Abandoning its efforts to salvage the deal through legal action, L Brands (NYSE:LB) said yesterday it agreed to terminate the sale of a controlling interest in Victoria's Secret. The acquisition, originally giving private equity firm Sycamore Partners a 55% stake in the lingerie brand, represented a chance for L Brands to divest Victoria's Secret in exchange for $525 million in cash.
Company statements describe the termination agreement as "mutual." Sycamore Partners emerges from the situation nearly unscathed, paying neither the original price agreed upon nor a termination fee. The private equity firm earlier claimed that L Brands' closure of Victoria's Secret stores during the COVID-19 outbreak damaged the brand's value and breached the terms of the sale.
L Brands abandoned its lawsuit against Sycamore Partners in part because, as incoming Board of Directors Chair Sarah Nash noted, the company wants to "focus our efforts entirely on navigating this environment to address those challenges and positioning our brands for success rather than engaging in costly and distracting litigation to force a partnership with Sycamore."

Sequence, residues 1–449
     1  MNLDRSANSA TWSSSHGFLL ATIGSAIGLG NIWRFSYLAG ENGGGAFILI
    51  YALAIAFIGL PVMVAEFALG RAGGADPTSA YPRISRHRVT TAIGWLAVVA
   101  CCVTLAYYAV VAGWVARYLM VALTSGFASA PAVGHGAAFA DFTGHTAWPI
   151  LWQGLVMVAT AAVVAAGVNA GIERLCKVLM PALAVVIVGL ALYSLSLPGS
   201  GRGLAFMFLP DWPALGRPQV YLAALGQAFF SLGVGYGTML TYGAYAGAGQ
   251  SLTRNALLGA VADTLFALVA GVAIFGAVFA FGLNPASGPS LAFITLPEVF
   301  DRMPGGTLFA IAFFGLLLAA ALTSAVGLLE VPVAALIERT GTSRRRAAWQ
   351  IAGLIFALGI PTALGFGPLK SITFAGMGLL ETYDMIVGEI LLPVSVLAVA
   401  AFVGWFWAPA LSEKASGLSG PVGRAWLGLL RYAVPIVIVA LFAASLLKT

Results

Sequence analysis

L Brands named its CFO Stuart Burgdoerfer as Victoria's Secret interim CEO. It is also working on "implementing significant cost reduction actions and performance improvements" at the lingerie brand. Current L Brands CEO Leslie Wexner will still step down and become the company's chairman emeritus, to be replaced by Bath & Body Works CEO Andrew Meslow.
While news of the sale's termination caused a nosedive in L Brands' share value, at least one BMO Capital Markets analyst, Simeon Siegel, boosted the company's stock to "outperform." Bucking negative sentiment, he explained, "...noise will dissipate and it will become harder to ignore underlying fundamental value," setting a $17 price target. L Brands is currently trading at around $11.